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Publication - Mrs Alison Bard

    The future of veterinary communication

    Partnership or persuasion? A qualitative investigation of veterinary communication in the pursuit of client behaviour change

    Citation

    Bard, A, Main, D, Haase, A, Whay, B, Roe, E & Reyher, K, 2017, ‘The future of veterinary communication: Partnership or persuasion? A qualitative investigation of veterinary communication in the pursuit of client behaviour change’. PLoS ONE, vol 12.

    Abstract

    Client behaviour change is at the heart of veterinary practice, where promoting animal health and welfare is often synonymous with engaging clients in animal management practices. In the medical realm, extensive research points to the link between practitioner communication and patient behavioural outcomes, suggesting that the veterinary industry could benefit from a deeper understanding of veterinarian communication and its effects on client motivation. Whilst extensive studies have quantified language components typical of the veterinary consultation, the literature is lacking in-depth qualitative analysis in this context. The objective of this study was to address this deficit, and offer new critical insight into veterinary communication strategies in the pursuit of client behaviour change. Role-play interactions (n = 15) between UK cattle veterinarians and an actress experienced in medical and veterinary education were recorded, transcribed and analysed thematically. Analysis revealed that, overall, veterinarians tend to communicate in a directive style (minimal eliciting of client opinion, dominating the consultation agenda, prioritising instrumental support), reflecting a paternalistic role in the consultation interaction. Given this finding, recommendations for progress in the veterinary industry are made; namely, the integration of evidence-based medical communication methodologies into clinical training. Use of these types of methodologies may facilitate the adoption of more mutualistic, relationship-centred communication in veterinary practice, supporting core psychological elements of client motivation and resultant behaviour change.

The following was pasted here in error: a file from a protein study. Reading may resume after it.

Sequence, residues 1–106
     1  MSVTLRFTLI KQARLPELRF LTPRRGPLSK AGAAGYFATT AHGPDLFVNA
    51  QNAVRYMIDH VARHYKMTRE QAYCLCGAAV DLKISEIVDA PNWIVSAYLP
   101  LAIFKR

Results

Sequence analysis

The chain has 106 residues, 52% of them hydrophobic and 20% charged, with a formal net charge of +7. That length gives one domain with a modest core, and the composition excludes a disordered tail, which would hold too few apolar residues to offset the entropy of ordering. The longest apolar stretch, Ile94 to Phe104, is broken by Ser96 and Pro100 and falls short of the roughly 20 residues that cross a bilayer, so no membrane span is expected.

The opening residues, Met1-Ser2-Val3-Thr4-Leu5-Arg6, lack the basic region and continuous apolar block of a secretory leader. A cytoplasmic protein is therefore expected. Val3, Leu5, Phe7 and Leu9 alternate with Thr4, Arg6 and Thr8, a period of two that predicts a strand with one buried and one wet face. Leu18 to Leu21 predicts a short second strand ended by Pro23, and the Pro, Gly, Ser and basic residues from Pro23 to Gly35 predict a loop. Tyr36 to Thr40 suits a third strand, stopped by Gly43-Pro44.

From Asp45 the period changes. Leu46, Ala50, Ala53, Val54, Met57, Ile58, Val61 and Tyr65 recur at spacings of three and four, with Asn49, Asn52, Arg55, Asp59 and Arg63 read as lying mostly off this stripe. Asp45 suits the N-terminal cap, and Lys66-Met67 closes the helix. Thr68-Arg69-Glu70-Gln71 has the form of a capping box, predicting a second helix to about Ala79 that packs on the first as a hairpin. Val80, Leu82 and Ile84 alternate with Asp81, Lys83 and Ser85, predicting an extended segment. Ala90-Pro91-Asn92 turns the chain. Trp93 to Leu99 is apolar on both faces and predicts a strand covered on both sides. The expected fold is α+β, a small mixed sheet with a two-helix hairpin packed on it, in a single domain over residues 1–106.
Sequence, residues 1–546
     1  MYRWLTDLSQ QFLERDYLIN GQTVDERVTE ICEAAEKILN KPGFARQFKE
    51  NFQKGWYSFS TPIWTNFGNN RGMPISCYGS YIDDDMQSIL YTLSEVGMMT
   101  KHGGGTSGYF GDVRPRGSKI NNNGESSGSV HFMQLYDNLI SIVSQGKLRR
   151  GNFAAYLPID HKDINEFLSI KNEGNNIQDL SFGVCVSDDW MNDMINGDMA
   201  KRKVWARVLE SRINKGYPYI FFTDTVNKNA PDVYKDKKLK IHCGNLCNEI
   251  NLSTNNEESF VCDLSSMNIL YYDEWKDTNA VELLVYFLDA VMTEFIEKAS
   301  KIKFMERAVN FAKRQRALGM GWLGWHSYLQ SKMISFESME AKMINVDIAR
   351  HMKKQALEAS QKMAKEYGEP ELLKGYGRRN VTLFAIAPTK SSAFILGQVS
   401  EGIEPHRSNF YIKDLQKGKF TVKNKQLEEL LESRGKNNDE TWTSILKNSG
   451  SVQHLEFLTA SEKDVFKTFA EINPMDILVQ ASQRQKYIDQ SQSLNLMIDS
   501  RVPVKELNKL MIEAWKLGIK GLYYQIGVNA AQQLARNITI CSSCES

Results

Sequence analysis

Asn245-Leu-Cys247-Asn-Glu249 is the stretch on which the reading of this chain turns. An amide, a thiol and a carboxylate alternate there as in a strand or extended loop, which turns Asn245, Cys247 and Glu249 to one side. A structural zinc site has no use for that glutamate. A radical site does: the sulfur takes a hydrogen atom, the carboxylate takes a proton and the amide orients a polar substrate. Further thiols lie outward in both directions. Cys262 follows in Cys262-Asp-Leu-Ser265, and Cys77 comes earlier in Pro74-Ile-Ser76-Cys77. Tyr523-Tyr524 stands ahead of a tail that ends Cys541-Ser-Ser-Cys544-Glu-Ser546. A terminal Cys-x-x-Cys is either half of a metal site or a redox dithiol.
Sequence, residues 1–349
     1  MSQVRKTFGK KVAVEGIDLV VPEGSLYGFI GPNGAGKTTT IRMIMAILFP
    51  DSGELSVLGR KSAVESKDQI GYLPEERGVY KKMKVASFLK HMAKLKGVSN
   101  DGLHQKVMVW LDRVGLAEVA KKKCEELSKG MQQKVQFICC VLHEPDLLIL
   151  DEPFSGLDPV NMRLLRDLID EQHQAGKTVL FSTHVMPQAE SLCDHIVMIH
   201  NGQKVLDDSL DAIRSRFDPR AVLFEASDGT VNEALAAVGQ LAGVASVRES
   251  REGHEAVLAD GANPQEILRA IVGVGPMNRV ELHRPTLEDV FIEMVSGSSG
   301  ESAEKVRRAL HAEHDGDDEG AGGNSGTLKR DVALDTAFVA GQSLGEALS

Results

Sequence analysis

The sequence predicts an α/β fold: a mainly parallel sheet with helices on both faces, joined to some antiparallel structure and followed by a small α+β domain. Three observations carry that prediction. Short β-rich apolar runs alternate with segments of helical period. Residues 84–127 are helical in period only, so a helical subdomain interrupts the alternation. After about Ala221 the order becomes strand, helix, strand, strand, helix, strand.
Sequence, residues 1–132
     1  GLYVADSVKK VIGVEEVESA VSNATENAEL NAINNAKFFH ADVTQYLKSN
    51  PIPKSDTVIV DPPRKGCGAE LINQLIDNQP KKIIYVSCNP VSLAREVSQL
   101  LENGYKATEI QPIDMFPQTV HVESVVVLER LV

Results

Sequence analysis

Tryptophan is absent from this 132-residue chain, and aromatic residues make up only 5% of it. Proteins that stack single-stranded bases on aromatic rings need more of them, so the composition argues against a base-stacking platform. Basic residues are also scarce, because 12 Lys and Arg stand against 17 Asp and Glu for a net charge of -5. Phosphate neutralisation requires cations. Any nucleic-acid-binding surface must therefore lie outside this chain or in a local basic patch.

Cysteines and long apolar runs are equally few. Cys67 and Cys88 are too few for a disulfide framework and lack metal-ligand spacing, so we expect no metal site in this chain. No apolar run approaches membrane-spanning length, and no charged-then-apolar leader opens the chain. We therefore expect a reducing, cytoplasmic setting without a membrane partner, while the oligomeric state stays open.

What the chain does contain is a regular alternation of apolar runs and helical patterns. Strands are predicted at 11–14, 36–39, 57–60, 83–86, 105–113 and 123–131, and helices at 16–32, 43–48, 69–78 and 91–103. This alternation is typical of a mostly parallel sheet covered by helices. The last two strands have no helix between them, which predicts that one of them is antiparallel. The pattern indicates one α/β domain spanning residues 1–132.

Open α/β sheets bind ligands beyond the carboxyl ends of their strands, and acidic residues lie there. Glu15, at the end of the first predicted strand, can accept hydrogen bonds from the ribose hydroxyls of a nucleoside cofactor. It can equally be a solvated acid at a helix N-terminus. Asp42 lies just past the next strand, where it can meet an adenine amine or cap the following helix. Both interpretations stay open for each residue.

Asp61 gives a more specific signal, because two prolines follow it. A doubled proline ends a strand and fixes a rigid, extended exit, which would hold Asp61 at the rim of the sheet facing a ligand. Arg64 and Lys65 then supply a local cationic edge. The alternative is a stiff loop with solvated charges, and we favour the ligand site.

Full details in the University publications repository